26 March 2011

Bible School

The Baotou Bible School admitted its first class two years ago to train church workers in theology and leadership. The school is attached to one of the Christian churches but supported by all 100 churches and church meeting points in the district. This building houses the classrooms and dormitories, and there's also a cafeteria on campus.
Our friend Ruth shows Daniel the library. To attend, one must be a Christian for five years, have a letter of support from your pastor, and pass an admission test.
A hundred students attend this two year program. Ranging in age from 18 to 71, about 80% are women.
Ruth shows us her bed in the 10 person dormitory room. Married with a 12 year old son, she stays here during the week and goes home on the weekend.
Pastor Han is the director of the college and the only ordained person on staff. Since ordained people are rare, most Chinese churches are led by members with additional training as provided by the bible school. Church workers receive a stipend and rely upon family to support for their work.
The future leaders of the Christian church in China are coming from bible schools like this one.

22 March 2011

No Longer Notice

After 8 months in China, we no longer notice some things that used to surprise us. Every day we see men and children urinating in public. Diapers are rare, so parents toilet their toddlers on the street. Apparently back in the '50s this was such a problem that the government had a "public nuisance" campaign. But no longer.
This is our bedroom window ledge after a couple of days, and we have yet to see the real sand storms. Silt and soot are everywhere and in everything. Sigh.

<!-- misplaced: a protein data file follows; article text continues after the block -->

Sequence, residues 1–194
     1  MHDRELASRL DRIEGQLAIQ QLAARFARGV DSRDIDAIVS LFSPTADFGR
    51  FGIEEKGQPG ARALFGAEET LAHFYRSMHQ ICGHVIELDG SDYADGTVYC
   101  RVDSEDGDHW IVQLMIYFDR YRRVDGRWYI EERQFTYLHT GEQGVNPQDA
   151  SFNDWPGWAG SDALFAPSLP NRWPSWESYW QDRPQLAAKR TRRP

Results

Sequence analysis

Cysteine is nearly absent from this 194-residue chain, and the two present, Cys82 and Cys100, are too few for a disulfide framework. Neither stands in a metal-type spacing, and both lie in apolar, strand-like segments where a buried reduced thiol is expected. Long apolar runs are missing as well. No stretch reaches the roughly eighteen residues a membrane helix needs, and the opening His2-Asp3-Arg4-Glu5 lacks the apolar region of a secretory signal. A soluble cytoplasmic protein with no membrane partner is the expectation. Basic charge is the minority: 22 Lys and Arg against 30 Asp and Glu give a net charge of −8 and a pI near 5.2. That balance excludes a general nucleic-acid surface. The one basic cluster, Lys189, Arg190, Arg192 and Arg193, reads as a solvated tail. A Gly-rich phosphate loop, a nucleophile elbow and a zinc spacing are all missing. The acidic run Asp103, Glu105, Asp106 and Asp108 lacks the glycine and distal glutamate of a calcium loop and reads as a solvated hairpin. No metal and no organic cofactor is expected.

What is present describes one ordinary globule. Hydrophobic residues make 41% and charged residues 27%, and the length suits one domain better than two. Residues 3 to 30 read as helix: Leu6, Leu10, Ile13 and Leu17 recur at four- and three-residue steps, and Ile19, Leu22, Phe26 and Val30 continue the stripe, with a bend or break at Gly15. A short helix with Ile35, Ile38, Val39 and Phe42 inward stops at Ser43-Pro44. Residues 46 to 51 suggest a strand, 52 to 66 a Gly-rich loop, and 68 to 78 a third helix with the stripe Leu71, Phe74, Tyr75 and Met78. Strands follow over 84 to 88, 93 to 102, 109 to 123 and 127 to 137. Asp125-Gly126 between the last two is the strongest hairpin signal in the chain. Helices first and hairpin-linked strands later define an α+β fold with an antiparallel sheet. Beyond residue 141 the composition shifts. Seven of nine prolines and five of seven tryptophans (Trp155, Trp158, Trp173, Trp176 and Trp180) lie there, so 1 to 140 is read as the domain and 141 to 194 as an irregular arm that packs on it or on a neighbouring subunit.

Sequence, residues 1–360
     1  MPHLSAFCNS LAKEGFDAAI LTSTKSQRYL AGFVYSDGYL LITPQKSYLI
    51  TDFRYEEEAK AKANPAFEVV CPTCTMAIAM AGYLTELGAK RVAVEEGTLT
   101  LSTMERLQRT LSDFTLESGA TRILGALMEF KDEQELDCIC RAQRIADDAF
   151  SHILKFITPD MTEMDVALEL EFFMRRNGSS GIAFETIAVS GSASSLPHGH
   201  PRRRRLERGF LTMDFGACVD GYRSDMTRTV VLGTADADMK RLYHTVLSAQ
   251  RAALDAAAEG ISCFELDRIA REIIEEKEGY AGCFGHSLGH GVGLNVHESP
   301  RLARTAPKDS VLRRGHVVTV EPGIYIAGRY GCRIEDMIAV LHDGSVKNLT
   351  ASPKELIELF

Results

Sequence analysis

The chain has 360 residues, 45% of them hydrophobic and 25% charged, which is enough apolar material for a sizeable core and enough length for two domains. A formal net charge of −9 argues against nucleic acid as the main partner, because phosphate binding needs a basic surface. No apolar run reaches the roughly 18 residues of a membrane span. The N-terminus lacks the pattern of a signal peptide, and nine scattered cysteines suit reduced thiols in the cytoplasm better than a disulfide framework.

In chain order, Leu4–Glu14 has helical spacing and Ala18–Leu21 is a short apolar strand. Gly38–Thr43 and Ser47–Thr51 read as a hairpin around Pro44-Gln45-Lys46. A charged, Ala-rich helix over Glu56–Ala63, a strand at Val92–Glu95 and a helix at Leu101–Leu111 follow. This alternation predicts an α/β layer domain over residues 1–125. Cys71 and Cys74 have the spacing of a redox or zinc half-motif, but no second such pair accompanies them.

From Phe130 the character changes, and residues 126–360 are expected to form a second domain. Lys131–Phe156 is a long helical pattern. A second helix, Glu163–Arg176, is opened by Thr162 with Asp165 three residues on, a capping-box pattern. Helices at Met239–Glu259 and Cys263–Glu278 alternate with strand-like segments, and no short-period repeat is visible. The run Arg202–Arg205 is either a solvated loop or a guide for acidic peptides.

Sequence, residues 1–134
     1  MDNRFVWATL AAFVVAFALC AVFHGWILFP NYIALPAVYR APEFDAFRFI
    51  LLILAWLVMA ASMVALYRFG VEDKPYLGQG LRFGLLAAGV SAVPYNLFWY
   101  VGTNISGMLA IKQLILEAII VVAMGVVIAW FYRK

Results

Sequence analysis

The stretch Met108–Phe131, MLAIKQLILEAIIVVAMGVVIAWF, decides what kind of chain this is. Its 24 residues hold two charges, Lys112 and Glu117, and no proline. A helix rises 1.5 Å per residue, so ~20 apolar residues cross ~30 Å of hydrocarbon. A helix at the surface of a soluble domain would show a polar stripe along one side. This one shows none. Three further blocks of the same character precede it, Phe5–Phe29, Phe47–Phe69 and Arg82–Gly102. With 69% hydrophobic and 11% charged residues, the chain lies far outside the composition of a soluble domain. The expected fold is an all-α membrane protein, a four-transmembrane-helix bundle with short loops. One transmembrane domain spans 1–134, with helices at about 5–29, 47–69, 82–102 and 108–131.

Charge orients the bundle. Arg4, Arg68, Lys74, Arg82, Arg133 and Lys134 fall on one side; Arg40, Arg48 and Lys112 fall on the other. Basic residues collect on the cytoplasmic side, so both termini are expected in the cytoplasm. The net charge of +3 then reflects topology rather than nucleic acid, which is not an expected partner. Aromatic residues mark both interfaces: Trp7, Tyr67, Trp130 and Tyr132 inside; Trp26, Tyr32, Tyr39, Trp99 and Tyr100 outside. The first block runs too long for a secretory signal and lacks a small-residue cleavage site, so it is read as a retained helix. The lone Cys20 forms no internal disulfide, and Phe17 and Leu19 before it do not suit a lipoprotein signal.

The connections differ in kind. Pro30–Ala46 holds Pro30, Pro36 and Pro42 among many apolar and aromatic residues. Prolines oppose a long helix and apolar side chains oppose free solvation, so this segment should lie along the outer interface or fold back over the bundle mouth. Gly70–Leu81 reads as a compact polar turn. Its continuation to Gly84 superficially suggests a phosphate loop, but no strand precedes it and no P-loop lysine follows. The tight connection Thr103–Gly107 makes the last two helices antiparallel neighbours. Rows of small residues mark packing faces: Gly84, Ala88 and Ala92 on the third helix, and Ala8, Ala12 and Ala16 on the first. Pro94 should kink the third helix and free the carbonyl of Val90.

We learned these are sidewalks for the blind. Somehow there's a bit of a gap between the idea and the implementation.
When you go to China Post (both a post office and a bank) to mail a package, you're given a sheet of plastic plus a needle thread to make your own mailer. Walking backwards is popular in China, and you often see older people taking a backward stroll. It's supposed to improve balance and cognition. Why not give it a try -- millions can't be wrong.

09 March 2011

Walk in the Park

Baotou has a surprising number of parks, so we try to get out a couple times a week, dust the chalk off our clothes, and enjoy a stroll.
The three wise monkeys (see, speak, and hear no evil) are here with their do-no-evil companion.
We see many kiting enthusiasts in the parks, with large reels to navigate their kites that sometimes fly almost out of sight.
Diane has been telling Daniel to go fly a kite, and it looks like he might. There's certainly a lot of choice.
The carving of intials in a tree trunk must be a universal.
We ended the day with a gourmet cup of coffee, complete with whipped cream and artistically shaped spoons. At these moments we feel we're living in the lap of luxury.